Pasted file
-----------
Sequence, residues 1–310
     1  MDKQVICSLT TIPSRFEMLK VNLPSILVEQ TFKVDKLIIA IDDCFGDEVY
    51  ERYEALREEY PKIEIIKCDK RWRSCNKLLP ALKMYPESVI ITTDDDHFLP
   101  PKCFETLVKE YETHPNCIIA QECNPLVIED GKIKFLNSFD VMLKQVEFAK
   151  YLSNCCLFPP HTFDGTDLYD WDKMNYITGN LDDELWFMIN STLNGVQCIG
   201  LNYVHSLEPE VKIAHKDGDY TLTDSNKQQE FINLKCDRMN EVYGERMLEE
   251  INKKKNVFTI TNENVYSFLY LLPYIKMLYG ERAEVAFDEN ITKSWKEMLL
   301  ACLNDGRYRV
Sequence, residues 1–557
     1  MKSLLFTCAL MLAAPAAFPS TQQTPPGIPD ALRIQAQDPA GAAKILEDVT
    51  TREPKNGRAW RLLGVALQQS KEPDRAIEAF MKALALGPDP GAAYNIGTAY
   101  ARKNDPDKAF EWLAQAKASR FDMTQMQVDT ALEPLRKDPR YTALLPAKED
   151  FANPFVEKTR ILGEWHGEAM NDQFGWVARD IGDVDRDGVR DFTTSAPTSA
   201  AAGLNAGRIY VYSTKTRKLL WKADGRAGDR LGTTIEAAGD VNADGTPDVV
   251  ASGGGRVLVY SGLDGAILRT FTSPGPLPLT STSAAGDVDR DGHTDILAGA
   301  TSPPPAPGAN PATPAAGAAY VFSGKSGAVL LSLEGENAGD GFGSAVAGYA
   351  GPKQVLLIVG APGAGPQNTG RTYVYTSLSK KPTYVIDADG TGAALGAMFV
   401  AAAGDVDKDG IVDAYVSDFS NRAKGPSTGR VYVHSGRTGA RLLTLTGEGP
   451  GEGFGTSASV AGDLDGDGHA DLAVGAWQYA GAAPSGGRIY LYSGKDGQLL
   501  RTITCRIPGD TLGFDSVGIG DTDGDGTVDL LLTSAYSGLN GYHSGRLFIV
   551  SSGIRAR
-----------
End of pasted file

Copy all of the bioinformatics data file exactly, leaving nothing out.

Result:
Sequence, residues 1–310
     1  MDKQVICSLT TIPSRFEMLK VNLPSILVEQ TFKVDKLIIA IDDCFGDEVY
    51  ERYEALREEY PKIEIIKCDK RWRSCNKLLP ALKMYPESVI ITTDDDHFLP
   101  PKCFETLVKE YETHPNCIIA QECNPLVIED GKIKFLNSFD VMLKQVEFAK
   151  YLSNCCLFPP HTFDGTDLYD WDKMNYITGN LDDELWFMIN STLNGVQCIG
   201  LNYVHSLEPE VKIAHKDGDY TLTDSNKQQE FINLKCDRMN EVYGERMLEE
   251  INKKKNVFTI TNENVYSFLY LLPYIKMLYG ERAEVAFDEN ITKSWKEMLL
   301  ACLNDGRYRV
Sequence, residues 1–557
     1  MKSLLFTCAL MLAAPAAFPS TQQTPPGIPD ALRIQAQDPA GAAKILEDVT
    51  TREPKNGRAW RLLGVALQQS KEPDRAIEAF MKALALGPDP GAAYNIGTAY
   101  ARKNDPDKAF EWLAQAKASR FDMTQMQVDT ALEPLRKDPR YTALLPAKED
   151  FANPFVEKTR ILGEWHGEAM NDQFGWVARD IGDVDRDGVR DFTTSAPTSA
   201  AAGLNAGRIY VYSTKTRKLL WKADGRAGDR LGTTIEAAGD VNADGTPDVV
   251  ASGGGRVLVY SGLDGAILRT FTSPGPLPLT STSAAGDVDR DGHTDILAGA
   301  TSPPPAPGAN PATPAAGAAY VFSGKSGAVL LSLEGENAGD GFGSAVAGYA
   351  GPKQVLLIVG APGAGPQNTG RTYVYTSLSK KPTYVIDADG TGAALGAMFV
   401  AAAGDVDKDG IVDAYVSDFS NRAKGPSTGR VYVHSGRTGA RLLTLTGEGP
   451  GEGFGTSASV AGDLDGDGHA DLAVGAWQYA GAAPSGGRIY LYSGKDGQLL
   501  RTITCRIPGD TLGFDSVGIG DTDGDGTVDL LLTSAYSGLN GYHSGRLFIV
   551  SSGIRAR